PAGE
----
“Despite the water problem, people won’t transfer to Sagay because the livelihood here is good,” said village councilman Antonio Pasaylo, who added that the government was finding a way of bringing them freshwater through underwater pipes.


For example, how about gathering daily 11 varieties of seashells and selling these at P48 per kilo? And to think there’s an endless supply of shells spread out in 10 hectares in Molocaboc!


If an islander doesn’t like her skin turning terra cotta from fishing or shell gathering, she always has the option of staying indoors and boring holes into shells or stringing them to be sold to Cebu’s shell craft makers.


For an island hopper, however, it is already adventure enough to be anywhere at the Sagay Marine Reserve and gazing at the seascape, speeding by mangroves, checking out shells, and swimming in undulating blue-green waters.


Molocaboc, Carbin Reef and the other areas of the reserve are a great site for immersions and study tours for anyone who want to get insights on the beauty and conservation of the Visayan Sea.

7 gov’t troops killed in NPA raid

By Franklin A. Caliguid, Jeffrey M. Tupas
Last updated 06:20am (Mla time) 06/30/2007

BUTUAN CITY—At least seven government troops—one soldier and six militiamen—were killed when New People’s Army (NPA) rebels raided an Army patrol base in Las Nieves, Agusan del Norte, police said Friday.


Chief Supt. Antonio Nañas, Caraga police chief, said the rebels managed to seize the patrol base in Barangay Lawan-lawan during a raid late Tuesday evening.


He said the soldiers and the militiamen manning the patrol base tried to repulse the advancing rebels but they were outnumbered.


He did not say how many soldiers and militiamen were manning the patrol base at that time but said the rebels numbered about 70.




A military source said during the attack, only one government soldier was instantly killed.


“The rebels took away the six militiamen and executed them later,” the source, who spoke on condition of anonymity for lack of authority to speak, said, adding that the bodies were recovered a few meters away from the detachment.


Nañas said the military’s 402nd Infantry Brigade and the police have sent troops to track down the fleeing rebels.


The NPA, the armed wing of the Communist Party of the Philippines (CPP), has stepped up its campaign against the government after the collapse of the peace talks in 2004.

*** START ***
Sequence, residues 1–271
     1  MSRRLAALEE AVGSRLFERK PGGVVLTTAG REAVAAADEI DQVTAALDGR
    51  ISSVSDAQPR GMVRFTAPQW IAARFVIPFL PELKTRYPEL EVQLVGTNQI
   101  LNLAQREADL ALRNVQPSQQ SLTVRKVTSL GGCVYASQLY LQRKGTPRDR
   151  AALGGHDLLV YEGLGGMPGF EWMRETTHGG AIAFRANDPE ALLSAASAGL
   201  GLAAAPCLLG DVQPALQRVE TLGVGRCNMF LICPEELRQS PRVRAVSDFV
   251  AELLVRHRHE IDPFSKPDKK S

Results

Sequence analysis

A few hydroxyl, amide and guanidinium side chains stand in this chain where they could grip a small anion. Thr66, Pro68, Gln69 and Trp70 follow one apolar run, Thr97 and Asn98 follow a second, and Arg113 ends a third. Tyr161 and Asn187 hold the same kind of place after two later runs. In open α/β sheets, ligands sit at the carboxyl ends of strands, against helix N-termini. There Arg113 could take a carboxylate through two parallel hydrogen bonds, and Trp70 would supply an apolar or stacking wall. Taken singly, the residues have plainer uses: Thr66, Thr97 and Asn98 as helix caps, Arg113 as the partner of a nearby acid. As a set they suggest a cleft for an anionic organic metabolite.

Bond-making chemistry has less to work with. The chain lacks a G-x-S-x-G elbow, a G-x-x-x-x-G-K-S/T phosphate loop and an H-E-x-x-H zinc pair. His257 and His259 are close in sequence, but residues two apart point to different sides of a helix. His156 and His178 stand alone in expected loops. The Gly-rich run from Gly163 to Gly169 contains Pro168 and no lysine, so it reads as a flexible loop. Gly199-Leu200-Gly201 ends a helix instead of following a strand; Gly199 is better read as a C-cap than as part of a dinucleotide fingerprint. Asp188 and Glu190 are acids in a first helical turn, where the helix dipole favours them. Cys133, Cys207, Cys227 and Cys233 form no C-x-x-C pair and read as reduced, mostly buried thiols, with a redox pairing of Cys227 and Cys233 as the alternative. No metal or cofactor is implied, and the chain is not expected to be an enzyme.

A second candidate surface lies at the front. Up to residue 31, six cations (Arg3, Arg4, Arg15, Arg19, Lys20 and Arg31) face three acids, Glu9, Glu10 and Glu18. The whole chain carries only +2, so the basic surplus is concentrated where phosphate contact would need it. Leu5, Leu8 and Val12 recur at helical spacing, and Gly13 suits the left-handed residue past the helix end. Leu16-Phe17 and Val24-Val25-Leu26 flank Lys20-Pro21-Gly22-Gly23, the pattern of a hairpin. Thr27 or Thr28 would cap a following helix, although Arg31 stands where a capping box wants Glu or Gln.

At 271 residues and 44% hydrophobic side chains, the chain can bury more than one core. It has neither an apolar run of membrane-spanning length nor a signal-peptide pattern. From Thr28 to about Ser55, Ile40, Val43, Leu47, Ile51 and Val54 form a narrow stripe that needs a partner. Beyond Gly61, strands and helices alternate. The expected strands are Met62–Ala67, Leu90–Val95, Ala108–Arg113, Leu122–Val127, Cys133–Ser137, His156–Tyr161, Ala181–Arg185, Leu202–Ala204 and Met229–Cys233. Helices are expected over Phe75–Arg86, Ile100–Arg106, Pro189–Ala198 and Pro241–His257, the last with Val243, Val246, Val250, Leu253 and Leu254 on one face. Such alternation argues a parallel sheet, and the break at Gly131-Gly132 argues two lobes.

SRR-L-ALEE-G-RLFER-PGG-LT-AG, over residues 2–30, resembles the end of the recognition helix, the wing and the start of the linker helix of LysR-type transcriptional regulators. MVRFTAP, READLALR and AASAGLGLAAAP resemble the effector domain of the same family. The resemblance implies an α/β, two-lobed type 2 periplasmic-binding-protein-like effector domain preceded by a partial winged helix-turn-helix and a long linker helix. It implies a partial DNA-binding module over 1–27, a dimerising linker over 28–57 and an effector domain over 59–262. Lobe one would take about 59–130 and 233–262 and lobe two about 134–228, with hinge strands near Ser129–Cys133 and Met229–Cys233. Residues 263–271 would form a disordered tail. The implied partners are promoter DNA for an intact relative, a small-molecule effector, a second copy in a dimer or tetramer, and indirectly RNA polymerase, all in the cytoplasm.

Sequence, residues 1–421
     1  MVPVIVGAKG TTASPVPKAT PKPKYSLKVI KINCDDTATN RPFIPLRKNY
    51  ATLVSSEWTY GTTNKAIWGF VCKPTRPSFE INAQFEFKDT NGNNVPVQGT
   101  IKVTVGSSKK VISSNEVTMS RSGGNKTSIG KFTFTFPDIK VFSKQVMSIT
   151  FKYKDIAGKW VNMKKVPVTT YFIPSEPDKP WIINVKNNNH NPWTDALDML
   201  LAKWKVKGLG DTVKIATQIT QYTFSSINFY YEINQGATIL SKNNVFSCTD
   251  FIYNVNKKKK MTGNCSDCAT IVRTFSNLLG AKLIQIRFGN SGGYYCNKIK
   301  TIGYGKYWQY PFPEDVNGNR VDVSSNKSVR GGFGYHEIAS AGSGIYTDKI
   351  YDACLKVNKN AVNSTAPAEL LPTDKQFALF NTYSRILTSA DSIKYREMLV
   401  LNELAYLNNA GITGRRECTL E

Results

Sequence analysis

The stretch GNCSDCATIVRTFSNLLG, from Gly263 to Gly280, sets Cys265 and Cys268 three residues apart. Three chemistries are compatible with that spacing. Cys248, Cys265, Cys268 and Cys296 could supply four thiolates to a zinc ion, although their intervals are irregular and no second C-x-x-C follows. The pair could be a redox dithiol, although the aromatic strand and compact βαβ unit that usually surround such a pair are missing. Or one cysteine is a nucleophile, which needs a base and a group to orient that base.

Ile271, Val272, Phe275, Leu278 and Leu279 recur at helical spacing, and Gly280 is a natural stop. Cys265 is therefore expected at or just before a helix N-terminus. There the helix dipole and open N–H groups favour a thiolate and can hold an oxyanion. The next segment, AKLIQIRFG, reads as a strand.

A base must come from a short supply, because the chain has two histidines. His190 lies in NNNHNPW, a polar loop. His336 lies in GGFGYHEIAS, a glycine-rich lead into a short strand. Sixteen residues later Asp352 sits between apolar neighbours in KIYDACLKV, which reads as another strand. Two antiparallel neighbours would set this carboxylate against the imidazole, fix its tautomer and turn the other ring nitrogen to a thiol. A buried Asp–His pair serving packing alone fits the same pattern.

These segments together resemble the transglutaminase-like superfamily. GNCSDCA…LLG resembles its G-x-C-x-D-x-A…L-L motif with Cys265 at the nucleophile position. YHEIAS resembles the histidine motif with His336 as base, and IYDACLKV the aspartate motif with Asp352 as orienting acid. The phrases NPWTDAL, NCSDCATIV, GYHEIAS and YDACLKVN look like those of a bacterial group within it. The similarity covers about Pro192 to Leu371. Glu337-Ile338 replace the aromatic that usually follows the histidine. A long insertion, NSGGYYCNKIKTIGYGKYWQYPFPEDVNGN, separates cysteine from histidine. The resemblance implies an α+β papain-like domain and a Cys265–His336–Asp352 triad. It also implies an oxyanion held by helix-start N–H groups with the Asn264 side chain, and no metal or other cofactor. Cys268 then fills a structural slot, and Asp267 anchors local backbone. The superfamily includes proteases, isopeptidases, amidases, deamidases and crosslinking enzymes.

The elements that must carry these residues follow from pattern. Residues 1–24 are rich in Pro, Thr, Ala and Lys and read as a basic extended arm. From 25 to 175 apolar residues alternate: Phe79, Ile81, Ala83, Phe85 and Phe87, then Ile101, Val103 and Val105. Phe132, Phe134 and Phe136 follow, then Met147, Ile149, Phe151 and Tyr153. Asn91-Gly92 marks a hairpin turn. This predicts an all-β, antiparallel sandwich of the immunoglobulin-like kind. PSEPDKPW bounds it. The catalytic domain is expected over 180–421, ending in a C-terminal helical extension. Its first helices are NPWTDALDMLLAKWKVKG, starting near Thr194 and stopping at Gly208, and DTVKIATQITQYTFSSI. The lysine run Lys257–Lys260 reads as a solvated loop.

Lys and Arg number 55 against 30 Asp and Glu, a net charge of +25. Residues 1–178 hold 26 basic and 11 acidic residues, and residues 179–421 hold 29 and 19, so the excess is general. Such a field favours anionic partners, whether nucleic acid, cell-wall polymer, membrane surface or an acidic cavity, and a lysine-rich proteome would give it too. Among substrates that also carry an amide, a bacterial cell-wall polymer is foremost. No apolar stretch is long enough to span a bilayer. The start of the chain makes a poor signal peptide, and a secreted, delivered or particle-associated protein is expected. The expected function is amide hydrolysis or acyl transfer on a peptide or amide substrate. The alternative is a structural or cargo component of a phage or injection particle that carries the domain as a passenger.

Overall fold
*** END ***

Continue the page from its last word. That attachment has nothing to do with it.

The National Democratic Front (NDF) pulled out of the Norwegian-brokered talks after it failed to convince the government to urge the United States to remove the communist movement from its list of terror groups.


US help


Recently, the United States said it was willing to help in crushing the communist insurgency if asked to do so, but military chief Gen. Hermogenes Esperon said the Armed Forces of the Philippines has the capability to face the rebels.


The military has given itself until 2010 to defeat the communists.


In Davao City, Mayor Rodrigo Duterte said saber-rattling or a military campaign does not solve an issue like the communist insurgency.


Duterte, peace and order adviser to President Macapagal-Arroyo, said the government must again seriously consider talking peace with the NDF because violence can only be solved through peaceful means.


“I believe that the government must open all avenues with the New People’s Army,” he said.


The feisty mayor, who openly admits being friends with communist leaders, said the peace and security problem in the country, especially in Mindanao, will only get more complicated if the government uses violence to contain the insurgency.


Aside from pursuing talks with the communist rebels, Duterte said the government should also resume talking with the Moro Islamic Liberation Front (MILF).


Face the problem


“We have this fear but we don’t have to be paralyzed. We have to face the reality head-on and we will do everything, if not to prevent violence from erupting, to give justice. But what we have to do is to understand and talk to them. But if we will fail on this, law and order must prevail,” Duterte said.


The rebel offensive came amid the continued extrajudicial killings, many of whose victims are leftist activists. Human rights groups have counted 800 victims since Ms Arroyo came to power in 2002.

CHR, PNP send teams to probe Kalinga eviction clash

By Vincent Cabreza, Desiree Caluza
Last updated 06:20am (Mla time) 06/30/2007

BAGUIO CITY—The Commission on Human Rights and the Cordillera police have each sent independent fact-finding teams to Rizal, Kalinga, to unearth the reasons behind a 10-hour gun battle between a group of settlers and a team of policemen and soldiers on Monday.


Nine of the people who engaged government troops in the gunfight died while at least 10 policemen were wounded. A woman, identified as Abak Tayaan, was among the fatalities.


Russell Ma-ao, CHR Cordillera director, said teams were sent out as early as Tuesday (June 26) when reports of the standoff in Sitio Malapiat in Barangay San Pascual reached Baguio City.


Rizal Mayor Marcelo de la Cruz said three CHR representatives from Cagayan witnessed the gun battle. The CHR employees arrived while the gunfight was raging.


Conflicting claims


Ma-ao said the witnesses have yet to make an official report on the incident.


The conflict occurred in a property that used to belong to the family of the late Sen. Vicente Madrigal.


Officials of the Department of Agrarian Reform in the Cordillera said the Supreme Court, in a 2003 decision, converted the 2,000-hectare estate into public lands that allowed DAR to parcel it for local farmers.


Ma-ao said the CHR team would try to determine whether De la Cruz was justified in ordering the ejection of settlers from a disputed 200-ha area in the estate.